A year of planning, months of scouting and grooming trails, and 11 days and 133 miles of camping and riding on the Buffalo National River in northwest Arkansas. Those are the stats, but the numbers don’t begin to tell the story of what members of the Buffalo River BCHA are calling their trip of a lifetime.
Plans for the Buffalo National River BCHA Centennial Ride and Clean-up began almost a year ago when Park Superintendent Kevin Cheri invited the group to participate in the 100 year birthday celebration of the National Park Service. As a local chapter of BCHA, our primary focus is maintaining the trails of the Buffalo National River and its watershed; so, it was easy to decide how best to honor both the NPS and our beloved River. We would ride and camp the length of the river from the White River to Ponca, picking up trash and cleaning trails as we went. Now, this may not be everyone’s idea of a good time, but as fellow Back Country Horsemen and trail enthusiasts, you will understand that this had all the makings of a perfect birthday party!
Of course, there were a few challenges in staging such an event. First, there is no contiguous trail running the length of the Buffalo. While sections of the more traveled upper River are easily accessible and clearly blazed, the “trail” grows increasingly dim downriver, so that in its lower reaches it is a poorly defined hodgepodge of options that includes old logging roads, grown up fields and private property, paved highways, and hiking only trails. Thanks to our very determined Ride Committee, Nancy Deisch, Arlus Trice, and Ted Spears and our president, Elaine Appel, who all spent months scouting the best route and negotiating with the Park Service for a special permit that allowed access to some areas normally off limits to horses, we were able to stitch together a workable route that took us through some of the most beautiful, rugged and remote country imaginable. When the Park Service and several private individuals graciously offered overnight accommodations at strategic points along the way, we knew the stage was nearly set for a truly once-in-a-lifetime celebration.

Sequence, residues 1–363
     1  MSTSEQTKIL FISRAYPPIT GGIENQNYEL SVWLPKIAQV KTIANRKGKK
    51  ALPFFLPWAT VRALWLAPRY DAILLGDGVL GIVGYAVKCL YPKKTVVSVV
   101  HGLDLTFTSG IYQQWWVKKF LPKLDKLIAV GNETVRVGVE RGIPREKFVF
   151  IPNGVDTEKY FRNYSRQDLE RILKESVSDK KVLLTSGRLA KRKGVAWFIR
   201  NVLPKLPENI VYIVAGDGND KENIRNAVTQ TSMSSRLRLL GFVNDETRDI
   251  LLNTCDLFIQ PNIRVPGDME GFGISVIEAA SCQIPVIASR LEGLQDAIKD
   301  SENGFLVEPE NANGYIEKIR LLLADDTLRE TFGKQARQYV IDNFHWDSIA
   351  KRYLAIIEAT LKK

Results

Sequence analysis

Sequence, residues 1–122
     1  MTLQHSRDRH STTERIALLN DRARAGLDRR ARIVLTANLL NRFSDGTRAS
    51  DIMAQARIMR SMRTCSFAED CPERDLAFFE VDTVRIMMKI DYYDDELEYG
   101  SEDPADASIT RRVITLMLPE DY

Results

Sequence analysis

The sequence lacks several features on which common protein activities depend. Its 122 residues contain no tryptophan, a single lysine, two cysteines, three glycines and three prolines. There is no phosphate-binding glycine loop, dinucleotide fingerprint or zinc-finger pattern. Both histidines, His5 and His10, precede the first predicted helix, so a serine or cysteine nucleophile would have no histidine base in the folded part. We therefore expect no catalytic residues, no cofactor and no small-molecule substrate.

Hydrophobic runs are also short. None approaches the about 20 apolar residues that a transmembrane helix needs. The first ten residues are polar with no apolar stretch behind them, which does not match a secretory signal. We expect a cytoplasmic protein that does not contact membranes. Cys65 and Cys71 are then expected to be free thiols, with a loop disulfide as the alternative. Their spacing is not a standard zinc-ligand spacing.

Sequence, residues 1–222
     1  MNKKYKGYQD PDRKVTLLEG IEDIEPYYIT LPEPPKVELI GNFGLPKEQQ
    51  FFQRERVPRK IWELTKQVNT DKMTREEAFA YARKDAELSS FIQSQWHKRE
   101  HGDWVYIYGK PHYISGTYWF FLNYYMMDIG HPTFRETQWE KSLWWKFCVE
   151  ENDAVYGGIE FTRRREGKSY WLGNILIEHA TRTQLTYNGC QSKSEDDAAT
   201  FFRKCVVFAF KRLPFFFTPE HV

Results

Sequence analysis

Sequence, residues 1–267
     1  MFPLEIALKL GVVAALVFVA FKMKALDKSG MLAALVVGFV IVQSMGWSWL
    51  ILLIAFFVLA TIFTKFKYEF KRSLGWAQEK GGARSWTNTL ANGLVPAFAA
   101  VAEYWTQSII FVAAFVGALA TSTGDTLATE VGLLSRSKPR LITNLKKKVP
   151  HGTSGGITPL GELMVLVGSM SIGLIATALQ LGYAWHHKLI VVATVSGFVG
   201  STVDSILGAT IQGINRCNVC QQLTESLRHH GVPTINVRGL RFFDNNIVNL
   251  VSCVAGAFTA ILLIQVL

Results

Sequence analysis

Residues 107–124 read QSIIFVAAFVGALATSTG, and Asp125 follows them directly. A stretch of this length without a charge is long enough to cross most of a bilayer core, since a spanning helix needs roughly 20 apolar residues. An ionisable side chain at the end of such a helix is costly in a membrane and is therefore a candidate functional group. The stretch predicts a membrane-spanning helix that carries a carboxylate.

The only challenge left was the logistics of setting up nine different camps in an environmentally sensitive way and moving needed camping gear and equipment forward each day. Enter Aaron Darnell and his top notch Lower Buffalo River Shuttle Service who solved that dilemma. With the exception of one layover day at the Woolum Horse Camp, most riders were up every morning at 5:00 a.m., preparing themselves and their horses for the day’s ride. At 7:00 about half of the group would move equipment and trailers forward to that day’s destination where they would be met by one of Aaron’s reliable employees who would collect them all in a small bus and bring them back to the trailhead. Meanwhile, those left at camp would be busy completing camp chores that included tidying up, scattering manure and extinguishing campfires. All of our members try to adhere to Leave No Trace principles, so the extra care to leave a clean camp was important to us. Several members of our group who weren’t able to ride the entire trip joined us for day rides, and they also benefited from Aaron’s shuttle service.
Two members, Ginger Charles and Beth Gierman, each brought along an extra horse and packed all their gear, including tents, so they did not require shuttling. Watching the “pack girls” maneuver their little string of horses through some very tight, steep places in the trail inspired all of us as we traveled the 133 miles of the River.